Paint a picture in your mind of a typical hacker...
I'm guessing you've got an image of a young male in a hoodie sitting in a darkened room, typing away at a computer keyboard. While that may be the case, it's more likely a group of individuals who run their cyber criminal operations as a business—aka organized crime. Think offices with cubicles and work-from-home (WFH) employees. Anytime there's a lot of money to be made, it's a given that organized crime will step in.
Many of you may remember The Godfather, written by Mario Puzo, originally published in 1969. This crime novel tells the story of one of five New York mafia families, the Corleone's. The Corleone family is fighting for survival after a failed assassination attempt on the head of the family, Don Vito Corleone (the Godfather), by one of the other families vying for control.
In a famous scene, his two sons, Sonny and Michael, and his top lieutenants gather to discuss what action to take in the wake of this egregious infraction. Michael, the younger son, suggests meeting with the head of the offending family, and his corrupt police Captain to broker a truce. However, he intends to shoot them both. When the elder son, Sonny, protests, Michael calmly says, "It's not personal Sonny, it's strictly business."
Cyber crime—it's strictly business. Big business. Cyber crime "companies" run just like other businesses. They post job openings on the Dark Web and interview new employees. They sell software like malicious code or malware to other hackers—just like a legitimate software company. They offer ransomware as a service "kits"—whereby they get a "cut" of the profits for all successful attacks—just like a franchise.
The question is, who are these organized crime actors?
In a May 2021 post published by the U.S. Department of Defense, the U.S. Deputy Assistant Director for Cyber Security, Mieke Eoyang, said to the U.S. House of Armed Services Committee during a hearing on cyber crime,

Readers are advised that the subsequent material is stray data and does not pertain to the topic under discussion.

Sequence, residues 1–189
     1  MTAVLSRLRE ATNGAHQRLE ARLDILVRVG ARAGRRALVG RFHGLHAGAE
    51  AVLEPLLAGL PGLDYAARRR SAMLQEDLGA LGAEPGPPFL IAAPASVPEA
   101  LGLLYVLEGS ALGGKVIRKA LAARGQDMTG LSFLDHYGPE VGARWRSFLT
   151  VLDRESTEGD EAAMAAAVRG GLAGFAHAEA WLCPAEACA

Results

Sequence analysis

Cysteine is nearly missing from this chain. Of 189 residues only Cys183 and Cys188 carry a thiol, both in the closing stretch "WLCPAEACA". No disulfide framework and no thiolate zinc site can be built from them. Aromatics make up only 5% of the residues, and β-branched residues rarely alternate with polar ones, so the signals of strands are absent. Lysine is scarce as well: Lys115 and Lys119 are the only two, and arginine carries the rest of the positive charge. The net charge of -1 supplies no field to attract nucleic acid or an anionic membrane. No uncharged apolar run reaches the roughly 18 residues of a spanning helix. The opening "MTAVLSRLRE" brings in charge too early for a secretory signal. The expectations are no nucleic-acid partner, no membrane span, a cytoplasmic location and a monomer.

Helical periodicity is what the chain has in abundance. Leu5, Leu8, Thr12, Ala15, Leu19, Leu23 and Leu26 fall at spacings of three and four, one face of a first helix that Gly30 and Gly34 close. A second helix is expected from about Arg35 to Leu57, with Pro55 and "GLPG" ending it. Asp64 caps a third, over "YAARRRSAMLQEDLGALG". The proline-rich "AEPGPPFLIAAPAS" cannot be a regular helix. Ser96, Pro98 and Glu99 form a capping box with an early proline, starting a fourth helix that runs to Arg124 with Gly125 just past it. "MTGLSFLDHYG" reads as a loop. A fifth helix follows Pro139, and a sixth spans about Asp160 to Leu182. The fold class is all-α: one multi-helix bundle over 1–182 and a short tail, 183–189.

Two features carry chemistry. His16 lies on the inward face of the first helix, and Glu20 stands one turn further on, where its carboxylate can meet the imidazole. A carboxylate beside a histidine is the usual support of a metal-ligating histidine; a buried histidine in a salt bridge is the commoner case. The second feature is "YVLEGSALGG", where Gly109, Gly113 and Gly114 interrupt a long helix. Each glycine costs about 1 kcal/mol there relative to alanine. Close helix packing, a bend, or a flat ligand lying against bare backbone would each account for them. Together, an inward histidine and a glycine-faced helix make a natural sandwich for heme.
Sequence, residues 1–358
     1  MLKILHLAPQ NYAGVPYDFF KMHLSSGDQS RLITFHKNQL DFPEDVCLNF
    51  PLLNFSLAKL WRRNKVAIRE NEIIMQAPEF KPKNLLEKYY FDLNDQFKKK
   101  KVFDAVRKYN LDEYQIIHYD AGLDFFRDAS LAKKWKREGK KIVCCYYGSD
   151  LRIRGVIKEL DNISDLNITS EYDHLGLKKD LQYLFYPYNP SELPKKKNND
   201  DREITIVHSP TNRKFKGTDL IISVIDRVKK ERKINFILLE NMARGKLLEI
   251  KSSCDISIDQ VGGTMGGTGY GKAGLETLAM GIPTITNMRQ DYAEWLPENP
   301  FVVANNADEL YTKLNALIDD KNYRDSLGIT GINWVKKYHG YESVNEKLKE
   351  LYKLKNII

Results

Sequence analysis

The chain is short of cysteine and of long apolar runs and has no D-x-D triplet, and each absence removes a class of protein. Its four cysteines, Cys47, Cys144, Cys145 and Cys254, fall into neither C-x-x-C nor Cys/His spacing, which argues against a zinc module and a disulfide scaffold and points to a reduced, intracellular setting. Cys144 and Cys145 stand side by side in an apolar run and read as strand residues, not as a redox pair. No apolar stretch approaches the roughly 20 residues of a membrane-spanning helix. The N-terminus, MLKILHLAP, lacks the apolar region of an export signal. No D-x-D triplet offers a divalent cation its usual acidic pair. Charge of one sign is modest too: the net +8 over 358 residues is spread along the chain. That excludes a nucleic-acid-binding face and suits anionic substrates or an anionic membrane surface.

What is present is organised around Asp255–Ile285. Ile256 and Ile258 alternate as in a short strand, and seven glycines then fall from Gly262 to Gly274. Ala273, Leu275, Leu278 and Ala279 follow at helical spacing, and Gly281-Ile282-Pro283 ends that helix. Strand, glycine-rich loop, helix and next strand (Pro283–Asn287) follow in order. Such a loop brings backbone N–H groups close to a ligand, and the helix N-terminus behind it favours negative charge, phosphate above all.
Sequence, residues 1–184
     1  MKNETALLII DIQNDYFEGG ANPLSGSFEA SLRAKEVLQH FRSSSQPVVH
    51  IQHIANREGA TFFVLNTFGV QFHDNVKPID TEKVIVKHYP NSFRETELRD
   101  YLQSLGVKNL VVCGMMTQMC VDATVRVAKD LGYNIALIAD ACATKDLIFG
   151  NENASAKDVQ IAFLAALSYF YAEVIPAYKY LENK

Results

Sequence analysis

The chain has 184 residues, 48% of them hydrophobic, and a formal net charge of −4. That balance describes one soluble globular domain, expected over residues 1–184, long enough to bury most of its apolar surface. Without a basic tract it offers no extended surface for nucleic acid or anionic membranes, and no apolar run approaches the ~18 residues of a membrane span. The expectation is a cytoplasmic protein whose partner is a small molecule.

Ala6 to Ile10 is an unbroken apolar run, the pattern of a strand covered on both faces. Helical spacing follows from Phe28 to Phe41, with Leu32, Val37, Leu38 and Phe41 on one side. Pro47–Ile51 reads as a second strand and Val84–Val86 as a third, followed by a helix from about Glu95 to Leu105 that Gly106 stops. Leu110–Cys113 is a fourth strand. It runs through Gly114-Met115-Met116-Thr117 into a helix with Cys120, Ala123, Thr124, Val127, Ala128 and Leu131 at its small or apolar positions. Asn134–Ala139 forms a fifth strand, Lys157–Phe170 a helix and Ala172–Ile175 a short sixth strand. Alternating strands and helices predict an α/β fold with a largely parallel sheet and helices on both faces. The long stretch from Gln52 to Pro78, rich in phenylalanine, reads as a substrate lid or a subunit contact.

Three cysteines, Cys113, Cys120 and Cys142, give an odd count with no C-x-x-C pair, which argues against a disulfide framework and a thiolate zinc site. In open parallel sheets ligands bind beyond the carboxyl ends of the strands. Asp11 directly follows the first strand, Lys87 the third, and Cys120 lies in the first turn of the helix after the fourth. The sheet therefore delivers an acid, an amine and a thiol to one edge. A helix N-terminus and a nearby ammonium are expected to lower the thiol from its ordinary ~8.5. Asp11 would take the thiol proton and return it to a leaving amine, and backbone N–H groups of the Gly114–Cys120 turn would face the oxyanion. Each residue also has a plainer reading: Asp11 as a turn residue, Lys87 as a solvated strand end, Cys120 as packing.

"The line between nation-state and criminal actors is increasingly blurry as nation-states turn to criminal proxies as a tool of state power, then turn a blind eye to the cyber crime perpetrated by the same malicious actors," she said. "We have also seen some states allow their government hackers to moonlight as cyber criminals."
Nation-states are not only condoning but also actively promoting cyber crime. How twisted is that?! Cyber crime doesn't hit the books as a source of income—but the "take" can be significant. Who would some of the nation-states be?
North Korea, Iran, Venezuela, and other cash-strapped nations come readily to mind. Oh, and don't forget Russia.
On top of that, there are many "companies" who have no nation-state affiliation but whose annual income rivals that of many major (legitimate) corporations.
Here are a few of the more prominent ones: Dark Side, REvil, FIN7, Cobalt, Clop, Lazarus, MageCart, and GozNym Gang, to name a few. They're making billions by attacking businesses and individuals.
I don't know about you, but even though I know a lot about computers, I know that when it comes to cybersecurity, I'm no match for the organized crime perpetrated by nation-states and well-oiled criminal syndicates. Neither is your "IT guy" or most IT teams, for that matter. So, if you're trusting your personal security or the security of your business to anything but a professionally trained security team—you're a statistic waiting to happen.
To learn the first steps in protecting your business, set up a time to talk with a One Step Secure IT cybersecurity expert by calling (623) 227-1997 or scheduling a Discovery Call here.
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